Friday, February 17, 2023

Tim Nangle: Serving those who serve us

By State Senator Tim Nangle

As a former paramedic and public servant, I am proud to be a part of the Maine Senate and advocate for the well-being of our emergency medical services (EMS) personnel. EMS personnel are professional health care providers who provide care 24-7, very often in unusual and difficult situations and locations.

State Senator Tim Nangle
Last month, the Blue Ribbon Commission on EMS released its final report, highlighting the critical need for improvements in our state's EMS system. The report makes significant recommendations to provide much-needed support to those on the front lines of emergency medical care. The recommendations include investing $70 million annually for the next five years in EMS programs; exploring options for benefits for non-municipal, nonprofit licensed EMS staff; fully funding the Length of Service Award Program (LOSAP); and convening a workgroup to explore EMS career pathways.

My colleague Sen. Chip Curry, who co-chaired the commission, has already submitted legislation to fully fund LOSAP and to explore EMS career pathways. In addition, Speaker Rachel Talbot Ross, the other commission co-chair, has a bill that will reestablish the Blue Ribbon Commission so that it can build upon the work of the first Commission.

I plan to support these bills so that our EMS professionals receive the resources and support they need to provide the essential services we depend on.

I am deeply committed to supporting all of the brave Mainers serving as our state’s first responders. I am working on a bill that would provide much-needed support to those injured while performing these essential duties. This bill “An Act Regarding Workers’ Compensation Benefits for First Responders Injured in the Line of Duty,” will ensure that any first responder who is no longer able to work a secondary job due to an injury suffered in the line of duty will receive workers' compensation benefits that considers the lost income from all their employment. This would apply to all first responders, including EMS professionals, law enforcement officers and firefighters. This will help alleviate some of the financial stress that injured first responders face while recovering and allow them to focus on their physical and mental well-being. We must do all we can to support our neighbors who put themselves in harm's way daily to serve their communities.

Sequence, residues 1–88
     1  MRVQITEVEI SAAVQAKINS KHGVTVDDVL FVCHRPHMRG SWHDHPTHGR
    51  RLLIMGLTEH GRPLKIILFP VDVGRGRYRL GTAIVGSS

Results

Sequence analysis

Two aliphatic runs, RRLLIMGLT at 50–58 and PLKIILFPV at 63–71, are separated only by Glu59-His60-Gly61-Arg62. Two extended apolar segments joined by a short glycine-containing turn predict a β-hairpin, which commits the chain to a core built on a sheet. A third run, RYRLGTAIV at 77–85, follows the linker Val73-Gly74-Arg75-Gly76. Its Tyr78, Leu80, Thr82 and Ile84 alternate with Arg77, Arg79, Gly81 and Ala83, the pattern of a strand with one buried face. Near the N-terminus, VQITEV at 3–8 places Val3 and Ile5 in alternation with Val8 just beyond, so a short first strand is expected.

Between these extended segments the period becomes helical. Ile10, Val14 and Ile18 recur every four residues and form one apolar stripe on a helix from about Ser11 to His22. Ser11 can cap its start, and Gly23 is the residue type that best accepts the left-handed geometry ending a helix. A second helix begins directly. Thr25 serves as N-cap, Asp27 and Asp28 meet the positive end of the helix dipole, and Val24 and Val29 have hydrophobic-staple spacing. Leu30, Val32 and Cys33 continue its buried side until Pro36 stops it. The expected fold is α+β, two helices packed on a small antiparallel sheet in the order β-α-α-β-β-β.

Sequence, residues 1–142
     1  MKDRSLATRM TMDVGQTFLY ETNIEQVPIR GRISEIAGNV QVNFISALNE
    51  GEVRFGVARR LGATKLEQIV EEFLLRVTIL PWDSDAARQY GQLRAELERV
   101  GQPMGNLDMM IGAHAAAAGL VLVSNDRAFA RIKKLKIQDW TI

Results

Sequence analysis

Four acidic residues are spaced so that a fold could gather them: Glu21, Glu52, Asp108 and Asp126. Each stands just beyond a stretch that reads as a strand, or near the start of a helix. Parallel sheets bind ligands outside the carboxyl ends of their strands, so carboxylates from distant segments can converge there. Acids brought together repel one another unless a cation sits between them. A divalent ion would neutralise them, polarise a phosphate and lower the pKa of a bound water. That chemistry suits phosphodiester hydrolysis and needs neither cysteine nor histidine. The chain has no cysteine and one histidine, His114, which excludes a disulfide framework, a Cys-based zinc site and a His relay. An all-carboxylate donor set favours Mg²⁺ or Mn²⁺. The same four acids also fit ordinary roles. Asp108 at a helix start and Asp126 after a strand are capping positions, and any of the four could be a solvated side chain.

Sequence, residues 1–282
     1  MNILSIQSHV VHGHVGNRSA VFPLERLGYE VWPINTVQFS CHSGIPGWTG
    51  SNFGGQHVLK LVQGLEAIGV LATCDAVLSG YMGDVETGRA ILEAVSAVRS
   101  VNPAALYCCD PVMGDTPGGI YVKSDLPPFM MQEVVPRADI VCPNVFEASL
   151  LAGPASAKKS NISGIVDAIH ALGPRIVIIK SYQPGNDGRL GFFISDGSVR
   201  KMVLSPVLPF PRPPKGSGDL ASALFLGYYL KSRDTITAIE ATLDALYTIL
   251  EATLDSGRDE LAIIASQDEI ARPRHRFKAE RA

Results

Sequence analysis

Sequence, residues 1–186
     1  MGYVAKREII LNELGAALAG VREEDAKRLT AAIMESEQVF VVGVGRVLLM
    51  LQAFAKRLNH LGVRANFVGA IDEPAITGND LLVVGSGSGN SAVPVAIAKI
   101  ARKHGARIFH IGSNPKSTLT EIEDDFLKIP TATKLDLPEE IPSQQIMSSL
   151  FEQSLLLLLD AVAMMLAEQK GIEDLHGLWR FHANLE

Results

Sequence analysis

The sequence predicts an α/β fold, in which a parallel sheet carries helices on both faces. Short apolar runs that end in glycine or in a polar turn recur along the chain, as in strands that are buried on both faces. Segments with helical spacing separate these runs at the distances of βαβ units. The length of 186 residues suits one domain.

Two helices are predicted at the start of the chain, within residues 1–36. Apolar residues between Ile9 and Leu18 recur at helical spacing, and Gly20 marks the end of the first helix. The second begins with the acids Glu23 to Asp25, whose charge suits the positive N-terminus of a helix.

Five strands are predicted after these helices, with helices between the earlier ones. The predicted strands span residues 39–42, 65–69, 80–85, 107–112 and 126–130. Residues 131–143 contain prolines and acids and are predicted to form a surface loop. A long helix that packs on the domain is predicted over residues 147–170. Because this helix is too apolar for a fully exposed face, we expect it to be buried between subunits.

Maine has traditionally relied on volunteer providers to provide EMS and fire response services. Unfortunately, that model no longer works for many people and communities. Improvements in emergency care before folks reach the hospital have made a meaningful difference in outcomes for people experiencing a heart attack. In the past, we administered oxygen and some medications to people we suspected were having a heart attack. Now, paramedics can definitively diagnose a heart attack. They can begin treatments and notify the hospital. All of this leads to better health outcomes for patients.

This is just one example of the many situations where improved technology and training have had a very real positive effect. However, the technology and training to maintain this capability requires adequate funding.

As noted in the report, many rural EMS agencies don’t have adequate support or funding. Decreased insurance reimbursements, users who can’t or don’t pay their bills, as well as reluctance to fund EMS services adequately at the municipal level place an unsustainable pressure on rural EMS agencies. The people who show up at your door at all hours of the day or night when you call 911 are dedicated healthcare professionals. They wouldn’t be there if they weren’t. The folks deserve the tools and support they need to care for you.

It is a privilege to serve as your state senator and have the opportunity to work toward improving our emergency medical services. We owe a debt of gratitude to these selfless Mainers, and it is our duty to provide them with the support they need to deliver the vital services we depend on.

If you or someone you know needs assistance, wants to discuss legislation, or needs help connecting with a state agency, please don’t hesitate to reach out. My email is, and my office phone number is 207-287-1515. Also, you can find me on Facebook at To receive regular updates, sign up for my e-newsletter at<

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